In Monday’s post I looked at “smart beta,” which promises to outperform cap-weighted indexing strategies. I’m frequently asked if I think Couch Potato investors should dump their traditional index funds in favour of these tempting alternatives. Here’s why my answer is no.
I could rhyme off technical reasons for being skeptical about the outperformance of alternative indexes: the research ignores costs and taxes, the strategies may not work in the future, and so on. But I won’t go down that road, because the most important reason is not technical, but behavioral.
Everything beats the market—except investors
To recap, two recent papers from Cass Business School in London looked at US stocks from 1968 through 2011, a period when a cap-weighted portfolio would have returned 9.4% annually. (Canadian stocks had an almost identical return over those 43 years.) The researchers examined 13 alternative strategies—which favoured value stocks, small-cap stocks or low-volatility stocks—and found all of them outperformed, with returns between 9.8% and 11.5%.
For many people, the takeaway from these findings is, “I should use alternative indexes, because I can beat the market by a point or two.” My reaction is different: I want to know how many investors earned even 9.4%.
I touched on this idea back in May when I asked why there are countless strategies that beat the market, but so few investors who can make that claim. There’s little data on the performance of individual investors, though it’s safe to say only a tiny minority are likely outperform a simple cap-weighted benchmark over any period longer than five years. That’s my biggest concern about being seduced by smart beta: it encourages investors to focus on beating the market even though most can’t even match it.
The problem is not cap-weighting
Has there ever been an investor who fell short of his financial goals because he earned only the returns of a cap-weighted portfolio? “I did everything right,” we’d hear him lament. “I paid down my debt, lived frugally, and saved regularly. I built a diversified, low-cost, tax-efficient portfolio of index funds appropriate to my time horizon and risk profile. When stocks plunged I kept my head and stayed invested—I even rebalanced to get back to my targets. I ignored all forecasters and swore off market timing. Now look what happened: my cap-weighted funds underperformed the hypothetical backtested performance of several alternative strategies. Now I can’t have the retirement I hoped for.”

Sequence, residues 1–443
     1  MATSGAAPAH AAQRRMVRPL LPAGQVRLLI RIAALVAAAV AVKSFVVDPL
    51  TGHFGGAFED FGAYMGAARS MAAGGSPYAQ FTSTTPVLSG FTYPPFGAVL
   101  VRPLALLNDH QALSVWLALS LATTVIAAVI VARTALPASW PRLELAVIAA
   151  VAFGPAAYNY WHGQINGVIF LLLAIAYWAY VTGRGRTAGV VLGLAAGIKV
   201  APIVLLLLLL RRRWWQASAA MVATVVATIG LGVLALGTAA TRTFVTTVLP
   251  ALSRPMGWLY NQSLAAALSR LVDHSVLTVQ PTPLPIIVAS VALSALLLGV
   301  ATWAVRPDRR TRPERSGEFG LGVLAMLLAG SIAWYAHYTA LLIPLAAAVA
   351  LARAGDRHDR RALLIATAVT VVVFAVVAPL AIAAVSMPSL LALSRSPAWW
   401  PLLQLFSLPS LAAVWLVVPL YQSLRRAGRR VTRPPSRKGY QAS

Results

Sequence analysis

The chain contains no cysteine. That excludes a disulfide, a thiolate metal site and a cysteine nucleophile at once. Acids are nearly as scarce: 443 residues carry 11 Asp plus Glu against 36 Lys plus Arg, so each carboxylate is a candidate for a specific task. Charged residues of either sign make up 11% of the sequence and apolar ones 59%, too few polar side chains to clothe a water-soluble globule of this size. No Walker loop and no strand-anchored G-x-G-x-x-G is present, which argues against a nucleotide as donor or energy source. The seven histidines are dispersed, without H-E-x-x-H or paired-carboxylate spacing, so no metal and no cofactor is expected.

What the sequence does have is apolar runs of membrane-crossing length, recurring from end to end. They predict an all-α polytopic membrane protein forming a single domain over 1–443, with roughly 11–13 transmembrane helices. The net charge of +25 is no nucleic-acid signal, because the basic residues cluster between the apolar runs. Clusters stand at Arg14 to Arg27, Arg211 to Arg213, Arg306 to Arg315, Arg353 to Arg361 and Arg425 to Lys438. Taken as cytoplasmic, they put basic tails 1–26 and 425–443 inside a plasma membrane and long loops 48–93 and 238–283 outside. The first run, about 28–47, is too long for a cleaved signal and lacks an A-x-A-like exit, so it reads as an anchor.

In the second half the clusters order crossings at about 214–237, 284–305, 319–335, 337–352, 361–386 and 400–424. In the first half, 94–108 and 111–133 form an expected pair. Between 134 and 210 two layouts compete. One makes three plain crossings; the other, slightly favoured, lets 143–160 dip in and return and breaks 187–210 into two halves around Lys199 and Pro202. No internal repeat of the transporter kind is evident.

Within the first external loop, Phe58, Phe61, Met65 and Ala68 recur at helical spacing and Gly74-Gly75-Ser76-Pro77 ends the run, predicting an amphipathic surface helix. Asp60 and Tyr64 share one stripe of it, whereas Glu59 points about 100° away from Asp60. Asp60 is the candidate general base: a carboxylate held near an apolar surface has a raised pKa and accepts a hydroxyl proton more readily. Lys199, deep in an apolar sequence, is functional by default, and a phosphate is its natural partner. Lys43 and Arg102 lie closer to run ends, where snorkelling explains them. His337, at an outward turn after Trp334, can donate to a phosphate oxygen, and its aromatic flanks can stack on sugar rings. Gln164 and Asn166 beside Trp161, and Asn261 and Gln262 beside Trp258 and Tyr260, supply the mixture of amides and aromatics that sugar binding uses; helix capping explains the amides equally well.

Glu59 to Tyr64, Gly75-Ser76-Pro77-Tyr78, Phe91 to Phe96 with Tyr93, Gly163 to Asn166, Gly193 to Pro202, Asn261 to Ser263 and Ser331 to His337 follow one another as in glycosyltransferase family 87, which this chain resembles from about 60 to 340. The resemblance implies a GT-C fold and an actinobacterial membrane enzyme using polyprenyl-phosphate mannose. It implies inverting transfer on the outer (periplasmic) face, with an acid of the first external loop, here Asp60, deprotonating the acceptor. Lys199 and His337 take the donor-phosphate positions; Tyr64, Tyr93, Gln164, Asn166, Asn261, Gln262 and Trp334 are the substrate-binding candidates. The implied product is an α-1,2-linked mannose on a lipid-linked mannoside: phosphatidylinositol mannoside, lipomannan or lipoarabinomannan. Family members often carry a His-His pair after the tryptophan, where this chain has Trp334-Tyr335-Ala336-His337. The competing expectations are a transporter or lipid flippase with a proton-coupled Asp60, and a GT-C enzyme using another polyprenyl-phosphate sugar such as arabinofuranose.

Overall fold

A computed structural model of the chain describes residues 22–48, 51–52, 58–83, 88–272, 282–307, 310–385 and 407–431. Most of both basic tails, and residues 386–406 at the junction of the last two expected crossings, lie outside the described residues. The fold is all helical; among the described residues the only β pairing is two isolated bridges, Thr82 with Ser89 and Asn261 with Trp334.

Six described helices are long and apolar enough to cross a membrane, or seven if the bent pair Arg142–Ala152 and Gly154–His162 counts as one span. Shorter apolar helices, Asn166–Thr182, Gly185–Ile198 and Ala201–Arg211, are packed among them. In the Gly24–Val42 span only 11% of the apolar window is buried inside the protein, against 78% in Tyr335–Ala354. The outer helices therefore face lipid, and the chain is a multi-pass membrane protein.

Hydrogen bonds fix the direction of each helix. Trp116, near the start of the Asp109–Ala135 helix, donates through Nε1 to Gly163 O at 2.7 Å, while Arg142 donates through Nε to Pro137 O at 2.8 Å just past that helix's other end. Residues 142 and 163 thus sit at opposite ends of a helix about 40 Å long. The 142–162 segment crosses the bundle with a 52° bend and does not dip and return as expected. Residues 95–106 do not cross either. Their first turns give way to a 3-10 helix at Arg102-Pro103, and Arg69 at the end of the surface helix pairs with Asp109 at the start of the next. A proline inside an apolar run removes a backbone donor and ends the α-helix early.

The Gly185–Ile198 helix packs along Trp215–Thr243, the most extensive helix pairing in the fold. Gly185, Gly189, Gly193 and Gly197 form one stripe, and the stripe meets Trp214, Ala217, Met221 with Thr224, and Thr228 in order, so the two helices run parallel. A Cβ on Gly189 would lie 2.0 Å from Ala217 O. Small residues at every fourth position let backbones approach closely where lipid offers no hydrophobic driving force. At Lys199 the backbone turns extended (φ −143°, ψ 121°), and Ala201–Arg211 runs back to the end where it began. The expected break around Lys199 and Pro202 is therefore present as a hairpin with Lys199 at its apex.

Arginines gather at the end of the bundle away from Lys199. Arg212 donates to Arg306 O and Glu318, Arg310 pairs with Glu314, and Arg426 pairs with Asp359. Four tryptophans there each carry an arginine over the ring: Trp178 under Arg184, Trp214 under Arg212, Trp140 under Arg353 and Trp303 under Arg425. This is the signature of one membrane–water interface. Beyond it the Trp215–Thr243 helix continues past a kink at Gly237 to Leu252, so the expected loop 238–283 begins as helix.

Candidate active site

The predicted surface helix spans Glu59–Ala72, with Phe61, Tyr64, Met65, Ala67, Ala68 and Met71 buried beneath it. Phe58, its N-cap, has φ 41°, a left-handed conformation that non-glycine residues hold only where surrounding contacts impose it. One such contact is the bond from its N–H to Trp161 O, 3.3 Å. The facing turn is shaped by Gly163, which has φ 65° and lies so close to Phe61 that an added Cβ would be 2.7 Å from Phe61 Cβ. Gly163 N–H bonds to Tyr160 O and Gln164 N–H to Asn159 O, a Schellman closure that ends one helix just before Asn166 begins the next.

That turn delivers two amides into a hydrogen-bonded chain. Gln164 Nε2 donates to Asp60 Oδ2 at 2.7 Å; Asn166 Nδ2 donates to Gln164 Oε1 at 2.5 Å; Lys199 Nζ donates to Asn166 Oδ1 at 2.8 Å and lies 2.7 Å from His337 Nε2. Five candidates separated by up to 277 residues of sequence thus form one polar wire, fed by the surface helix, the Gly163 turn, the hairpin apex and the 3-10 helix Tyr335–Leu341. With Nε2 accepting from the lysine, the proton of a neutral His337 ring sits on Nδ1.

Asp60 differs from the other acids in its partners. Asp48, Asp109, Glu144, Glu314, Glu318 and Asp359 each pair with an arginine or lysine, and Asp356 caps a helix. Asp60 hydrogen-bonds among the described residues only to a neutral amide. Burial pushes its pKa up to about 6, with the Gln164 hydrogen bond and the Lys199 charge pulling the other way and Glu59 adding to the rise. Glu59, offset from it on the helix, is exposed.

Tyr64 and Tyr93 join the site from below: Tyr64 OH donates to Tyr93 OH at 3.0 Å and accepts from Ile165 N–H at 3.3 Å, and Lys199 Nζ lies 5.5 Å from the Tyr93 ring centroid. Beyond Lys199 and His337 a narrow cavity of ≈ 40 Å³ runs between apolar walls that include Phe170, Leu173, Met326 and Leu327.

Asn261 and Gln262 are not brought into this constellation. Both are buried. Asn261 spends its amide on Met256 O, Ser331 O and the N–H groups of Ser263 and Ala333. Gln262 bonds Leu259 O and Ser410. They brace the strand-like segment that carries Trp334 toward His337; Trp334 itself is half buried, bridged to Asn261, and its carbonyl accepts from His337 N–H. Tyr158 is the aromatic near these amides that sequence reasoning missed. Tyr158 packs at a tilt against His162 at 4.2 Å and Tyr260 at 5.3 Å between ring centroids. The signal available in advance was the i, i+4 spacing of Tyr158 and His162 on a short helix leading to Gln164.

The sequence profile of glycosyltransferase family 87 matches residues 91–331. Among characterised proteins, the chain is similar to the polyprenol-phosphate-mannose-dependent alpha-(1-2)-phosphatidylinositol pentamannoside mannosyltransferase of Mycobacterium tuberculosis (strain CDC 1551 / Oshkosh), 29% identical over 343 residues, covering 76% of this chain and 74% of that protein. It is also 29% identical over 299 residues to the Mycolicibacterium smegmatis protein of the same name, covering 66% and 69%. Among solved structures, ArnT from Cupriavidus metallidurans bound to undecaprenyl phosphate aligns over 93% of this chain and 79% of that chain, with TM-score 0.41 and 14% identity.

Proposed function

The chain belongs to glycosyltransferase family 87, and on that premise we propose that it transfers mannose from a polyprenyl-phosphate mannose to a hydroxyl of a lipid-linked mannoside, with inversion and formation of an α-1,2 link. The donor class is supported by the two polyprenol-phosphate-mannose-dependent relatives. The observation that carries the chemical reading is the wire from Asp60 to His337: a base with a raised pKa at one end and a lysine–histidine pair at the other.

There are many reasons investors fail, but the shortcomings of cap-weighted index funds are not among them. The search for smart beta makes me think of an out-of-shape guy with a poor diet who’s convinced his biggest problem is he’s wearing the wrong brand of running shoes.
Check your priorities
So before you think alternative indexes will have a meaningful impact on your financial life, ask yourself these questions:
Do I have any consumer debt? Student loans, car loans, credit cards, a line of credit from your last reno or vacation: if you have even a dollar of non-mortgage debt, it may not even make sense for you to be investing, let alone trying to beat the market.
Am I saving as much as I can? The best way to grow your portfolio is not to seek a market-beating strategy: it’s to increase your contributions. Instead of hoping to outperform traditional index funds by 1%, try increasing your annual savings rate by 1%. This will almost certainly have a more dramatic effect, especially if your portfolio is small. It also comes with a 100% guarantee of success.
Do I get market returns now? Calculate your personal rate of return over the last five years and compare it to a comparable portfolio of cap-weighted ETFs. If you lagged even that simple portfolio, why are you worried about trying to beat the market? (Obviously this doesn’t apply if you are already a thoroughbred Couch Potato, but hardly anyone is.)
Will I really stick to one alternative? If you’re using cap-weighted funds now and you’re prepared to dump them, do you really believe you won’t switch gears again when the next new alternative comes along? The value and small-cap premiums are real, but they’re elusive: there will always be multi-year periods when these factors lag a cap-weighted portfolio. Are you sure you’ll wait these out?
As I’ve written before, I’m agnostic about alternative indexing strategies. It’s not that they’re bogus: it’s that even if executed perfectly they can do more than provide incrementally better returns. And by spending so much effort trying to collecting a few drops of rainwater, many investors are ignoring much bigger leaks in their financial lives.